Free school meals (2023): Many eligible disabled children are unfairly missing out on a free lunch because they can’t attend school or are unable to eat the meal provided due to dietary or sensory needs. Schools in England can use lunch parcels or voucher options to ensure they provide free school meals to those children entitled to them and on the school roll. In response to Contact’s campaign letter, the minister for schools has confirmed that maintained schools and academies have a duty under the Education Act 1996 to provide nutritious, free meals to eligible pupils wherever they receive education. This applies both in school and at home. Learn more about the free school meals campaign.

Human rights lawyers have written a free school meals guide and four template letters to help families whose disabled child is eligible for free school meal but can’t access them in the standard way. Find resources on Contact’s website, including a free webinar on the subject. 


Mobile phone ban (November 23): England will be banning use of mobile phones in schools. However, schools must remember their duty to make reasonable adjustments to avoid discrimination. Find out more from Contact.


Out of school legal advice: IPSEA’S free webinar, 'My child is out of school - what can I do?', provides valuable guidance for parents and carers of children with special educational needs and/or disabilities (SEND) who are currently out of school due to illness, exclusion, school anxiety, or lack of a school place. Delivered live by members of IPSEA’s expert legal team, it covers crucial topics, including: reasons why children may not be in school, what to do if a child or young person with an Education Health and Care (EHC) plan is out of school, what to do if a child or young person without an EHC plan is out of school, what the law says for different age groups, and next steps.


Reasonable adjustments: All pupils should be helped to fulfil their potential. Here’s everything you need to know about reasonable adjustments and how they can help disabled children in schools.


Tribunals and disputes: The Council for Disabled Children has created some guidelines for parent carers looking for support with tribunals or disputes. Whilst parents and young people are free to use whoever they wish to support them, these guidelines are to help inform and support that choice. You have a right to free impartial information, advice and support from trained, SEND specialists. In the Manchester City Council area, this is offered by the SENDIASS team - check out their Frequently Asked Questions (FAQ).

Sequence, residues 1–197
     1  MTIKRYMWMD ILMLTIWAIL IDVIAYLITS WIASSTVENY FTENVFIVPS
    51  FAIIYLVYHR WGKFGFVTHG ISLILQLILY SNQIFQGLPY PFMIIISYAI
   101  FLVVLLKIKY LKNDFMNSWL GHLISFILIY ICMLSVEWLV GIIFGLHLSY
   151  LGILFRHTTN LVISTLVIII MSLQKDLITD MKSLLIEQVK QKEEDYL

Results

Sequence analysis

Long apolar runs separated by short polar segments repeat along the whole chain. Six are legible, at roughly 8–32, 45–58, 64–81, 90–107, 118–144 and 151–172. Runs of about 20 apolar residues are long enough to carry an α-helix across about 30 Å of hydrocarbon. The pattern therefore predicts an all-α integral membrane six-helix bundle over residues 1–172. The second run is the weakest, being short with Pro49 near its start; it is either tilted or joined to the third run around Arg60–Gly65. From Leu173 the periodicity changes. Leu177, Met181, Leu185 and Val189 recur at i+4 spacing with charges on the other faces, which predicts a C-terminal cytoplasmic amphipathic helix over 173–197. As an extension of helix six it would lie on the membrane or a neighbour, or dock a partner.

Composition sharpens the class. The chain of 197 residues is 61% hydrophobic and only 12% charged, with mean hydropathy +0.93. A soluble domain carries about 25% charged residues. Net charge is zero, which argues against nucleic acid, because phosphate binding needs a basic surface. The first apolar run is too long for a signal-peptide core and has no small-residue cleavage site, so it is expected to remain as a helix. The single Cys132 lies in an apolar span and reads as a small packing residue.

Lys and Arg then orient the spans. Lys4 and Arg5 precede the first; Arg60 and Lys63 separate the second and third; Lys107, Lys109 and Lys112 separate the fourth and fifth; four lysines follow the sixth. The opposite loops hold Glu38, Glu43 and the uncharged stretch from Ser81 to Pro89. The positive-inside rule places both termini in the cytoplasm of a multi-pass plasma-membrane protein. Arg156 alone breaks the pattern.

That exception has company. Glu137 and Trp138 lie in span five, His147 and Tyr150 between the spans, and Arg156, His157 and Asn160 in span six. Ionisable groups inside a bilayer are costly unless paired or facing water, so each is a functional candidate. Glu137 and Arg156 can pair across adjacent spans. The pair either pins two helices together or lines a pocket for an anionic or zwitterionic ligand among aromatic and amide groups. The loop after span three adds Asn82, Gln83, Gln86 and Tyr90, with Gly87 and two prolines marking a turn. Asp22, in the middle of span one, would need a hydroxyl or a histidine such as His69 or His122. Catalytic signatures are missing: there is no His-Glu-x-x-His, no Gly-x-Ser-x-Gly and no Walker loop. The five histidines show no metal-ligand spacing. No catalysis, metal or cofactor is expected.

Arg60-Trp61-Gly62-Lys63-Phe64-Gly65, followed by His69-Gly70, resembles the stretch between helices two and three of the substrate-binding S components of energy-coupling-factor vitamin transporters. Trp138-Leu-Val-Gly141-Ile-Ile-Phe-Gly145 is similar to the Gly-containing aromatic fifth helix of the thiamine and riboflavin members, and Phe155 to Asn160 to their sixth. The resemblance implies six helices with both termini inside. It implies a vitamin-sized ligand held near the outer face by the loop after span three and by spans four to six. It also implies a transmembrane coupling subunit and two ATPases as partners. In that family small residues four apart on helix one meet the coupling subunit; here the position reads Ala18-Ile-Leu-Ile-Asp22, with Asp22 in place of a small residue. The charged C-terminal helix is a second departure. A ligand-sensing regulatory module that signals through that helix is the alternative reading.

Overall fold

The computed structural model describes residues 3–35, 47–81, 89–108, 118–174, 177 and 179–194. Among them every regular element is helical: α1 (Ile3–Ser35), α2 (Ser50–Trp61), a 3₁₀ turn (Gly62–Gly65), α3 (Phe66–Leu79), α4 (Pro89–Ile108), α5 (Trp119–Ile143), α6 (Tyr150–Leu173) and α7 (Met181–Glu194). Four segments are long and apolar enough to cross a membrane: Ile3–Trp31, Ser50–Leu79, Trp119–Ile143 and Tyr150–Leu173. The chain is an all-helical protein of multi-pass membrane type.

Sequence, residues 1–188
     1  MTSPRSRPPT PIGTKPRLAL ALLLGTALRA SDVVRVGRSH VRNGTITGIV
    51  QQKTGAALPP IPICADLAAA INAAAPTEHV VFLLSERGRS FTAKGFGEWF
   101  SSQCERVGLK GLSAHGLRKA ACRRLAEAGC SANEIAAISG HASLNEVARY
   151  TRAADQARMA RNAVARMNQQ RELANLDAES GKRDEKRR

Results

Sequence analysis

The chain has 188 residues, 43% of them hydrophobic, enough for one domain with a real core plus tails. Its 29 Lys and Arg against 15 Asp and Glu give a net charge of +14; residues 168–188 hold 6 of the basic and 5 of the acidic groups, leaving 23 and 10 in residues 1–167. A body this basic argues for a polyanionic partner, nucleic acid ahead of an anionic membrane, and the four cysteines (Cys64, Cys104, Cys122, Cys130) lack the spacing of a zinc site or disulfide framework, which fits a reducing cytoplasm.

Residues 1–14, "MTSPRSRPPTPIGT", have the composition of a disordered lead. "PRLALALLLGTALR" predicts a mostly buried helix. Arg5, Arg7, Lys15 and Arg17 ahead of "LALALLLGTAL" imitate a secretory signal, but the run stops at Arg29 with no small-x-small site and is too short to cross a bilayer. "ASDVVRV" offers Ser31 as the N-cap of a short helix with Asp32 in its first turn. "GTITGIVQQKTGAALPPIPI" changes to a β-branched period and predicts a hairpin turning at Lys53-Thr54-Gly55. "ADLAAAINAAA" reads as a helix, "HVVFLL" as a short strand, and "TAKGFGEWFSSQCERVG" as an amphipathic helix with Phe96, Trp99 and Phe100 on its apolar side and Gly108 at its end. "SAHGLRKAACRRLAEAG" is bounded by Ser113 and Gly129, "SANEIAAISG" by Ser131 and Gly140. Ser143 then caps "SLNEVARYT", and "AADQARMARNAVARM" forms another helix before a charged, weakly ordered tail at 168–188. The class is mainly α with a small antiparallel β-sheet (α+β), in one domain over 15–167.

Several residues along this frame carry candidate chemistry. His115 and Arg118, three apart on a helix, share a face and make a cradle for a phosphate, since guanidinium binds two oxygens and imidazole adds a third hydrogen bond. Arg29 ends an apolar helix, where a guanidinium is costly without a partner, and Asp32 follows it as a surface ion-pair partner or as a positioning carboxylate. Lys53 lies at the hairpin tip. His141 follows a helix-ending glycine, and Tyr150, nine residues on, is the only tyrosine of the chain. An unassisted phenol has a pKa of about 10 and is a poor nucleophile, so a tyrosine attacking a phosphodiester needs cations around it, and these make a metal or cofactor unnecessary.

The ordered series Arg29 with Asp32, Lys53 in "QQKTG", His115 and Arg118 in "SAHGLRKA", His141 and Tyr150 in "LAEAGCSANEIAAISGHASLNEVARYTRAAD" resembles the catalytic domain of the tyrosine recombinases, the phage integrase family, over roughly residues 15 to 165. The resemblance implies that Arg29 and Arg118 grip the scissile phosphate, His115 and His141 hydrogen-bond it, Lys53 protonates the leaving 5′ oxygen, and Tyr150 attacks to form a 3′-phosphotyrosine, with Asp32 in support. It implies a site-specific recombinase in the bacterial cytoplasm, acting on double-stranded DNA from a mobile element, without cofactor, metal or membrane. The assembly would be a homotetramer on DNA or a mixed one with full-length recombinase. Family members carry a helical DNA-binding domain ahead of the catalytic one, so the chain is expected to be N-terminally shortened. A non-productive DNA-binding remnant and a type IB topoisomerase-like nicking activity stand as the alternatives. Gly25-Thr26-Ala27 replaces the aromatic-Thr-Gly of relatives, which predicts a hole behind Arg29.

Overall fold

Education, Health and Care Plans and other SEN support


See Education, Health and Care Plans and Other SEN Support. This includes: SEN Support in mainstream schools; EHC Needs Assessment and Education, Health and Care Plans.


This free self-guided course from the Council for Disabled Children takes all the key elements from their popular live Holistic Outcomes in EHC Plans training and repackages it into a series of online modules. Suitable for parent carers and family members.


School places


Here is Manchester City Council information on primary school places for children with SEND and secondary school places. You can find general information about school places on Manchester City Council’s admission pages


Special schools and colleges


Search for special schools in the online directory on the Local Offer main page.  


Resourced provision


Most children in Manchester with special educational needs and disabilities, including those with Education, Health and Care Plans, are supported in a mainstream school. A number of mainstream schools provide additional specialist facilities on their site called a Resourced Provision.

Here is a list of the primary and secondary schools that offer Resourced Provision.



Is the information on this page correct? If not, please let us know.